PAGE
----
Harsh Road Tests Ensure Chevy Pothole Perseverance
When someone says, “Winter is coming,” to you, it normally means months of ice, snow, and cold weather. For your car, it means something a bit different, especially come springtime—potholes. With the slowly thawing weather making your roads look like Swiss cheese, Chevy has come prepared with a road test that helps make its cars resilient to the effects of potholes.
Located at the General Motors Milford Proving Ground, carefully engineered roads are built for Chevy to test vehicles, such as the Malibu and Silverado, with varying pothole ranges from mild to severely bone-shaking. These intentionally poor conditions allow engineers to help create Chevy designs that will do less damage to tires, wheels, and suspensions.
“We have a wide variety of road surfaces that simulate real-world road conditions around the globe,” said Frank Barhorst, supervisor of the Product Usage Measurements and Applications group at the Proving Ground. “The range of test road surfaces goes from good to bad, so that we can find the most balanced condition for each vehicle we develop—and believe me, we’ve created some of the worst potholes you’ve ever seen.”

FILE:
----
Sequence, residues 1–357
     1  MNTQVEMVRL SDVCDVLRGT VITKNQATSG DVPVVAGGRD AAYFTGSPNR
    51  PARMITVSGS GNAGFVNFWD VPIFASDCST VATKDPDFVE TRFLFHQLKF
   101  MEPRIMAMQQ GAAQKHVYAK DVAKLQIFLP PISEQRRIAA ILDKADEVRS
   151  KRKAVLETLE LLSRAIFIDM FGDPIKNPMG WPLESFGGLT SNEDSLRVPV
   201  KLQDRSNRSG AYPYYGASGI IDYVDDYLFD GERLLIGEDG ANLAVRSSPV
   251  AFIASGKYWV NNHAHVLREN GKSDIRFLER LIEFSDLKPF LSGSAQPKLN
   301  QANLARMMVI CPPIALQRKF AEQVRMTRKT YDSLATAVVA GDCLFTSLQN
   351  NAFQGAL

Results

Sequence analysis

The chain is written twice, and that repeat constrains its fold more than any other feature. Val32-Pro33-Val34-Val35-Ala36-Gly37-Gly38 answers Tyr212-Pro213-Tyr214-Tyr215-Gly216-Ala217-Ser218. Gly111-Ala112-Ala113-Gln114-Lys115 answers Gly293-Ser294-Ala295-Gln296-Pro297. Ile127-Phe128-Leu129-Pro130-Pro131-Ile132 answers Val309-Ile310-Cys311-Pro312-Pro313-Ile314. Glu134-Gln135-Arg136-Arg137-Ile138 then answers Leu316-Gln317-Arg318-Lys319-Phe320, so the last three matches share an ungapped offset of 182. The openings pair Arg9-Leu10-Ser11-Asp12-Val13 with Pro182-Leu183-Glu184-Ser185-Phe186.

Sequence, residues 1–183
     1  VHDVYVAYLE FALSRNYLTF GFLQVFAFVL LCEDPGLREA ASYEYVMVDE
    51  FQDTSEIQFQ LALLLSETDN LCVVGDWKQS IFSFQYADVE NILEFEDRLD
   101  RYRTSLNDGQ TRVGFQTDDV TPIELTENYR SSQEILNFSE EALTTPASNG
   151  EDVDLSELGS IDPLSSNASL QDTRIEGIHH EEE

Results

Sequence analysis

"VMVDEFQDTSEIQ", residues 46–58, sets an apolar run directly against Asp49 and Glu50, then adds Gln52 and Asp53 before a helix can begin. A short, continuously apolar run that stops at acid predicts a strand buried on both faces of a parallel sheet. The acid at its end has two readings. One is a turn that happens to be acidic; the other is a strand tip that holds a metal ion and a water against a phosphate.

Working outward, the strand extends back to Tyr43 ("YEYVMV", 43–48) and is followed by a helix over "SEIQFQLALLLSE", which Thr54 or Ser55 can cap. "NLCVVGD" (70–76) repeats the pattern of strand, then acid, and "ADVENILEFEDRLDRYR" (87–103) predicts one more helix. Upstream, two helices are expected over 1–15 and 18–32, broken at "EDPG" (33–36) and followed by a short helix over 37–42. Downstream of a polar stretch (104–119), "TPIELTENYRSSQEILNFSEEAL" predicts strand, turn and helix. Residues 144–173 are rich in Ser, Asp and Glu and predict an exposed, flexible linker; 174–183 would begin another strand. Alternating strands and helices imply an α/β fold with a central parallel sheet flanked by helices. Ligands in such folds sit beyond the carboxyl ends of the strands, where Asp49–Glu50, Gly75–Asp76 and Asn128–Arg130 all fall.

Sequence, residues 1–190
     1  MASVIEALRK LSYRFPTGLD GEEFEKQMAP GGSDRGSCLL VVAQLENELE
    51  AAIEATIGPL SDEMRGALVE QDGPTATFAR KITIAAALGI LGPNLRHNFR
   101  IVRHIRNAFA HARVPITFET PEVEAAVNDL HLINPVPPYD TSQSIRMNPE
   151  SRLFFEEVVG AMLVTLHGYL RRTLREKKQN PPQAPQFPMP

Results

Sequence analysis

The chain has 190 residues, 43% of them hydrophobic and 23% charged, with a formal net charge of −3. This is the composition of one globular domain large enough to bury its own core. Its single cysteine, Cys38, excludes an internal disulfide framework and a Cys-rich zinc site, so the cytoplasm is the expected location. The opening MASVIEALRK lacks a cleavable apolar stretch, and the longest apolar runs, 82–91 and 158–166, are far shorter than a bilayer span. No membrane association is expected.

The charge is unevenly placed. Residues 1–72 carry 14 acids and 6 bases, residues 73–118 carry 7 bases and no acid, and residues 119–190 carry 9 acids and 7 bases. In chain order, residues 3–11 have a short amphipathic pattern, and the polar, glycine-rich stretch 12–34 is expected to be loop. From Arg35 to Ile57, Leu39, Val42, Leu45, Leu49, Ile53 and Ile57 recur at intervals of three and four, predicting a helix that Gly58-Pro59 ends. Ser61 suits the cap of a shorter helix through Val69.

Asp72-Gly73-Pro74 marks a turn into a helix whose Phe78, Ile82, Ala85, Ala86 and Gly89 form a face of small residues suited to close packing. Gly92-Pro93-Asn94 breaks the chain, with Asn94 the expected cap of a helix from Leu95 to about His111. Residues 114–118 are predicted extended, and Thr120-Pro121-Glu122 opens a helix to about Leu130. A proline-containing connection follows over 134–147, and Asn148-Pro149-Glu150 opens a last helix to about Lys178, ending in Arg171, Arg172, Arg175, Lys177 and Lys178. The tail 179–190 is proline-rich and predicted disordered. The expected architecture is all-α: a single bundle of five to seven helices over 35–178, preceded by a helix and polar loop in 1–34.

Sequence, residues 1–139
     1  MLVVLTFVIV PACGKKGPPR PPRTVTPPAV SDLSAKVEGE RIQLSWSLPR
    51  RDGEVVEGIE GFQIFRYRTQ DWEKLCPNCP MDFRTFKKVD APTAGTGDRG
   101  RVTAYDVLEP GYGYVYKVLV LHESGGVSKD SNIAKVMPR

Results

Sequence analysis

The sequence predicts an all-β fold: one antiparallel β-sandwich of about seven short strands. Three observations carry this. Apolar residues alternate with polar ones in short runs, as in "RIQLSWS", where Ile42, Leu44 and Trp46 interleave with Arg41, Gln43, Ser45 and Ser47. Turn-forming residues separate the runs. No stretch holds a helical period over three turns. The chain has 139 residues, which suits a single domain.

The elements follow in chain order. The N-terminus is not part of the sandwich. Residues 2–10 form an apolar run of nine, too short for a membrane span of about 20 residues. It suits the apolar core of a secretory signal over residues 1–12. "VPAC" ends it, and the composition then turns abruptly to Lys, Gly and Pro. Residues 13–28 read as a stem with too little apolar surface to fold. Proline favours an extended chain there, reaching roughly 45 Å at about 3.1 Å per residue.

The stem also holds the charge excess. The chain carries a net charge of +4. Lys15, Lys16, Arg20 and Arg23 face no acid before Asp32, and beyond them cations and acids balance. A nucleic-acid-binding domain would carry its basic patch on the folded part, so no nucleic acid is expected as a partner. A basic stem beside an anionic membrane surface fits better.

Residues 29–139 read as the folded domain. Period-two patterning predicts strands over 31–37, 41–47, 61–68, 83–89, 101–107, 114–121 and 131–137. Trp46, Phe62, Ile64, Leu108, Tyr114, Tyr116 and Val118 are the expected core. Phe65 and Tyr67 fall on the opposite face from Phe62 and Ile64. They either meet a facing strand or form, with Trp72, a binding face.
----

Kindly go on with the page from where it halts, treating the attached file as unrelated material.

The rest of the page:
Because there’s no specific technology that can help a driver miss each and every pothole they will encounter, Chevrolet makes sure their models are built with specific traits that will reduce the vibrations generated by sudden, harsh impacts. They’ve also made sure their tire technology is geared towards the ability to withstand potholes as well.
Brought to you by Eriks Chevrolet in Kokomo, IN.
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